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Acta Cirurgica Brasileira

Print version ISSN 0102-8650On-line version ISSN 1678-2674

Acta Cir. Bras. vol.34 no.9 São Paulo  2019  Epub Nov 28, 2019

https://doi.org/10.1590/s0102-865020190090000005 

Original Article

Clinical Investigation

Protective efficacy of combined use of parecoxib and dexmedetomidine on postoperative hyperalgesia and early cognitive dysfunction after laparoscopic cholecystectomy for elderly patients1

IMD, Department of Anesthesiology, the Sixth Affiliated Hospital of the Sixth Clinical Medical School, Xinjiang Medical University, Tianshan District, Urumqi, XinJiang, China. Design of the study, technical procedures, manuscript writing

IIMD, Department of Anesthesiology, the Sixth Affiliated Hospital of the Sixth Clinical Medical School, Xinjiang Medical University, Tianshan District, Urumqi, XinJiang, China. Technical procedures, analysis of data, critical revision

IIIMM, Department of Anesthesiology, the Sixth Affiliated Hospital of the Sixth Clinical Medical School, Xinjiang Medical University, Tianshan District, Urumqi, XinJiang, China. Technical procedures, analysis of data, critical revision


Abstract

Purpose:

To investigate efficacy of combined use of parecoxib and dexmedetomidine on postoperative pain and early cognitive dysfunction after laparoscopic cholecystectomy for elderly patients.

Methods:

The present prospective randomized controlled study included a total of 80 patients who underwent laparoscopic cholecystectomy surgery during January 2016 to November 2017 in our hospital. All patients were randomly divided into 4 groups, the parecoxib group, the dexmedetomidine group, the parecoxib and dexmedetomidine combined group, and the control group. Demographic data and clinical data were collected. Indexes of heart rate (HR), mean arterial pressure (MAP), levels of jugular venous oxygen saturation (SjvO2) and jugular venous oxygen pressure (PjvO2) were recorded at different time points before and during the surgery. The mini-mental state examination (MMSE) score, Ramsay score and Visual Analogue Score (VAS) were measured.

Results:

Levels of both SjvO2 and PjvO2 were significantly higher in parecoxib group, dexmedetomidine group and the combined group than the control group. Meanwhile, levels of both SjvO2 and PjvO2 in the combined group were the highest. VAS scores were significantly lower in the combined group than all other groups, and total patient controlled intravenous analgesia (PCIA) pressing times within 48 h after surgery were the lowest in the combined group. Both Ramsay and MMSE scores were the highest in the combined group compared with other groups, while were the lowest in the control group.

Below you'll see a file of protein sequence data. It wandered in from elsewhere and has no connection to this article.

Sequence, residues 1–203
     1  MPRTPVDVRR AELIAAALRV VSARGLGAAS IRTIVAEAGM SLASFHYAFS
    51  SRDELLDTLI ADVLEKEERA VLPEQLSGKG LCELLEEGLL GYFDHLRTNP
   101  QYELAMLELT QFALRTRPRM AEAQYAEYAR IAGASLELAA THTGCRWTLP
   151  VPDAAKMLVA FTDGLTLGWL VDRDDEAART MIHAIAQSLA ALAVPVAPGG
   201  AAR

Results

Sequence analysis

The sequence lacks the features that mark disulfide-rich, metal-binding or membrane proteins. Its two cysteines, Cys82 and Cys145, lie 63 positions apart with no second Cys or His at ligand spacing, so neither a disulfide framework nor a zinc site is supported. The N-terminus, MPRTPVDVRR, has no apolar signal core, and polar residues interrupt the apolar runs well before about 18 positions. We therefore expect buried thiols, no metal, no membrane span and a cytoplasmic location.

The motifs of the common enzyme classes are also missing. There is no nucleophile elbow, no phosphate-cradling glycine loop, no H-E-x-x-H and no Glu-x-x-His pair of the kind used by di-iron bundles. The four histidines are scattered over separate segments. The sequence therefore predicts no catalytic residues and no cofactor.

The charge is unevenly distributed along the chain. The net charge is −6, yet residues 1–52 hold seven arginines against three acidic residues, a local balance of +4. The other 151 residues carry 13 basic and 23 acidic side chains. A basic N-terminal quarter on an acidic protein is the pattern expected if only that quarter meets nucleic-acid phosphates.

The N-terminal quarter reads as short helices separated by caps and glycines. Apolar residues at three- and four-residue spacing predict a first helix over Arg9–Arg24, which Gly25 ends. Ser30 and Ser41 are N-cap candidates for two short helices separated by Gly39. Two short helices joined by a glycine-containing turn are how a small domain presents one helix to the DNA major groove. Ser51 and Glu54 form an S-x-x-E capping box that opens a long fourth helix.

Conclusion:

The combined use of parecoxib and dexmedetomidine could reduce the postoperative pain and improve the postoperative sedation and cognitive conditions of patients after laparoscopic cholecystectomy.

Key words: Dexmedetomidine; Pain; Cholecystectomy; Laparoscopic

Introduction

Laparoscopic cholecystectomy is widely accepted as the standard operation for benign gallbladder disease1, including gallstones2, acute or chronic cholecystitis3,4 and biliary pancreatitis5. Despite the well-known advantages of laparoscopic cholecystectomy compared to open cholecystectomy, such as being a safer, more effective procedure, with less complications6, the postoperative pain and cognitive dysfunction (POCD) are still two major problems influencing patients' recovery7,8.

Parecoxib, a highly selective COX-2 inhibitor, is reported to be used in the control of postoperative pain9,10. Studies show that Parecoxib could be used in postoperative pain control in many surgeries such as laparoscopic surgeries11, total hip arthroplasty12, and cancer related operations13. Dexmedetomidine (DEX), a kind of α2- adrenergic receptor agonist with sedative, analgesic, and anxiolytic properties has been applied for operative anesthesia, postoperative care, especially in mechanical ventilation and/or sedation-dependent procedures as a sole sedative or as an adjunct drug. Previous studies showed that dexmedetomidine can be used in surgery of laparoscopic cholecystectomy and could reduce postoperative pain14. However, to our best knowledge, few studies focused on efficacy of the combined use of parecoxib and dexmedetomidine on postoperative pain and early cognitive dysfunction after laparoscopic cholecystectomy for elderly patients.

In the present study, we aimed to investigate whether the combined use of parecoxib and dexmedetomidine could improve postoperative pain and early cognitive dysfunction after laparoscopic cholecystectomy for elderly patients. This study might give more clinical evidence for the application of parecoxib and dexmedetomidine in postoperative treatment of elderly patients under laparoscopic cholecystectomy.

Methods

The present study was approved by the ethics committee of the Sixth Affiliated Hospital of the Sixth Clinical Medical School of Xinjiang Medical University.

This prospective randomized controlled single blinded study included a total of 80 patients who underwent laparoscopic cholecystectomy surgery from January 2016 to November 2017 in our hospital. All the patients who met the inclusion criteria were consecutively enrolled during the period. All patients were diagnosed as grade I~II according to the American Association of Anesthesiologists (ASA) and were older than 65 years with a mean age of 69.2±4.3 year. The following patients were excluded: patients with preoperative cognitive dysfunction; patients with psychosis; patients with severe cardiac, lung, liver, renal or other system diseases. Patients were also excluded if the surgery time was longer than 1h, or the surgery could not be accomplished successfully and turned to laparotomy operation. Informed consent was obtained from all patients.

Treatment and analgesia strategies